Cuomo Unveils Pension Plan Reform, But Not Without Protest


State Comptroller Thomas DiNapoli is questioning whether the move is allowed under the state’s constitution.


(October 29, 2009) – New York Attorney General Andrew Cuomo has unveiled his new plan to revamp the Empire State’s beleaguered pension system.


Coming after months of revelations regarding placement agents and pay-to-play scandals with the New York State Common Retirement Fund, Cuomo’s proposal would place tight limits on political contributions to those in charge of running the state retirement system’s investments. It would also increase disclosure from investment managers, institute a code of conduct, require conflicts of interest to be disclosed, and – most damagingly for the middlemen who act as go-betweens for investment managers and investors – would ban the use of lobbyists or placement agents when dealing with public funds. The Securities and Exchange Commission – as was reported in ai5000’s Fall issue – is also looking into a similar ban nationwide.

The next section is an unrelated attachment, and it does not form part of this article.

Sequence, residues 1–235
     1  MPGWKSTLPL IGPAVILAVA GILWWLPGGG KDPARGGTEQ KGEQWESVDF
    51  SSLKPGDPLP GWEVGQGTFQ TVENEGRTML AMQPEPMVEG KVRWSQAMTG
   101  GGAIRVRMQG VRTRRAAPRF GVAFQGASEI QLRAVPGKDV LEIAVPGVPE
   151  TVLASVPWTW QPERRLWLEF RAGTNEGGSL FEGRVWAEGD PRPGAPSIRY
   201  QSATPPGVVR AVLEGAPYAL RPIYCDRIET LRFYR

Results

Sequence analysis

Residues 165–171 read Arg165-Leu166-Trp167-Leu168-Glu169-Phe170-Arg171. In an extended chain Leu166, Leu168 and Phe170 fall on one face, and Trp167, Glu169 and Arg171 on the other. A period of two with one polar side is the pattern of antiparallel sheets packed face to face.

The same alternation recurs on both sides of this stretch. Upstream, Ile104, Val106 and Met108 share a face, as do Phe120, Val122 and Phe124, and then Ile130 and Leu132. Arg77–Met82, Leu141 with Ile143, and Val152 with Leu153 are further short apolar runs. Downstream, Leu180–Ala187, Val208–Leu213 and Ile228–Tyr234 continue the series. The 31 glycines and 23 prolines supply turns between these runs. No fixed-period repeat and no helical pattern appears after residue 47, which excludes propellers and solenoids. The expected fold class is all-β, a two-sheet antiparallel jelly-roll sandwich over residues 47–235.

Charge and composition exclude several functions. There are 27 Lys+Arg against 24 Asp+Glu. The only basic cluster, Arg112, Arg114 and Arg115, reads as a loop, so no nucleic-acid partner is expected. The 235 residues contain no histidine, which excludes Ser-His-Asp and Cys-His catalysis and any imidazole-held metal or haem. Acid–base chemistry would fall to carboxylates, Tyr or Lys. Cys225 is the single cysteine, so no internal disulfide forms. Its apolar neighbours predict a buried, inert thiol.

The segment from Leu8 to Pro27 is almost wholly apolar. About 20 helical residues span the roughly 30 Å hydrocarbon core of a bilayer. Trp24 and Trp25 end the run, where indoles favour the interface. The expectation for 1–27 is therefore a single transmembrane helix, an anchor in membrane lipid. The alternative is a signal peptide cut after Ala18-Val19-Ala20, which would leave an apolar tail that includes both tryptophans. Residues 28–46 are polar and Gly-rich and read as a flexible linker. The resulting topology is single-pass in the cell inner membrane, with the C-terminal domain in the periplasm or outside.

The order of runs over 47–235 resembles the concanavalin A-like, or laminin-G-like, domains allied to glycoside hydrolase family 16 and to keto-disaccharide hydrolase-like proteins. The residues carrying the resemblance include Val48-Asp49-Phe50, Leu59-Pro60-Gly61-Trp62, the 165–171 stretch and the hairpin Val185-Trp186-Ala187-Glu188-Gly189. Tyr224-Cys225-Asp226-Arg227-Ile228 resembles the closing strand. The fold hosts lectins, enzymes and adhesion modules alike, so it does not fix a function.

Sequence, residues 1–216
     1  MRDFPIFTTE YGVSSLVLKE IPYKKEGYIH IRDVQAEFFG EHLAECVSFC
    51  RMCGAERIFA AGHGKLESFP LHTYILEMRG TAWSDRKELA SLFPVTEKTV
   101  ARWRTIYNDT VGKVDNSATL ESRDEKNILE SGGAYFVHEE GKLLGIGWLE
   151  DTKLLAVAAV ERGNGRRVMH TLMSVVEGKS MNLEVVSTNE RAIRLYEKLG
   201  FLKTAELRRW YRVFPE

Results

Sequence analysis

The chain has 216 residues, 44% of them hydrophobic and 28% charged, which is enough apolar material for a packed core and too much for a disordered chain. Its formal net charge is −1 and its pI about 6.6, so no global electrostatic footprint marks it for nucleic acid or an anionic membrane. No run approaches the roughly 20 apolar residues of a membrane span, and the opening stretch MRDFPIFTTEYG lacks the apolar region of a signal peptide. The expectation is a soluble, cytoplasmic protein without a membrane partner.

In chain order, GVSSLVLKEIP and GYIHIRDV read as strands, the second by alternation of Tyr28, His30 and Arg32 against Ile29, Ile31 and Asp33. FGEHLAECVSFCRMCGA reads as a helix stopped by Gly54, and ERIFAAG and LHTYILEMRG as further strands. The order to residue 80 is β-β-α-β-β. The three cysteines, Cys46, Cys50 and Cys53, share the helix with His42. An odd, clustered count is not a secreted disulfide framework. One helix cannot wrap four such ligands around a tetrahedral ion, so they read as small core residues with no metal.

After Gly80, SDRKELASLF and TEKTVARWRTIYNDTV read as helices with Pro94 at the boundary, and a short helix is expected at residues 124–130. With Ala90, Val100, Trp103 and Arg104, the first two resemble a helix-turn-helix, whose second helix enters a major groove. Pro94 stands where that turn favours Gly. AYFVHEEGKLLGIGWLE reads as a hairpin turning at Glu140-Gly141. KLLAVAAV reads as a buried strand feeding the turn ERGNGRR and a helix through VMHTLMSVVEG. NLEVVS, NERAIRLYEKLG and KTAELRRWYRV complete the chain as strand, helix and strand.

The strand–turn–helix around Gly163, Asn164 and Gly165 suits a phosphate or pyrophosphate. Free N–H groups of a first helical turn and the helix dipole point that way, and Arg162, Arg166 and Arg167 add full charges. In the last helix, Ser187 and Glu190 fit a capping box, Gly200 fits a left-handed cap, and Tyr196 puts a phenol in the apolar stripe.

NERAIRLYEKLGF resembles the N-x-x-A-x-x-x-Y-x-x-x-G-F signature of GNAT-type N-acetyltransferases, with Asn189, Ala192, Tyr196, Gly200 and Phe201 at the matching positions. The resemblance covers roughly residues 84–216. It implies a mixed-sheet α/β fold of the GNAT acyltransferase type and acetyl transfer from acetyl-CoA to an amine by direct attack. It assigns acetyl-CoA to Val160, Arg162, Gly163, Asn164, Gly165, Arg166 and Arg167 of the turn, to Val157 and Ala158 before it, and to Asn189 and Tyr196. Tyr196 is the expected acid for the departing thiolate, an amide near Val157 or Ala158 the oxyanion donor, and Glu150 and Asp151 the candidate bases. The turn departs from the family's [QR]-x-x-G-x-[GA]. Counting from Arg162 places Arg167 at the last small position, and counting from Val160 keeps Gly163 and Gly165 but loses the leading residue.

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The most significant part of the proposed plan, however, would be an alteration to the sole trustee structure of the $120 billion Common Fund. If passed, it would create a bipartisan board of trustees to make investment decisions, which now are made by a sole trustee, an elected official.


However, State Comptroller Thomas DiNapoli is expressing concern that the Cuomo initiative might not be allowed under state rules. Although the State’s constitution is not explicit in its requirement for a sole trustee structure, DiNapoli, through an aide, has questioned whether the move would pass muster under New York’s constitution. He also has repeatedly asserted that by increasing transparency, eliminating the use of placement agents, and lowering campaign limits, he has done enough to fend off calls for a revision of the sole trustee structure.

To contact the <em>aiCIO</em> editor of this story: Kristopher McDaniel at <a href=''></a>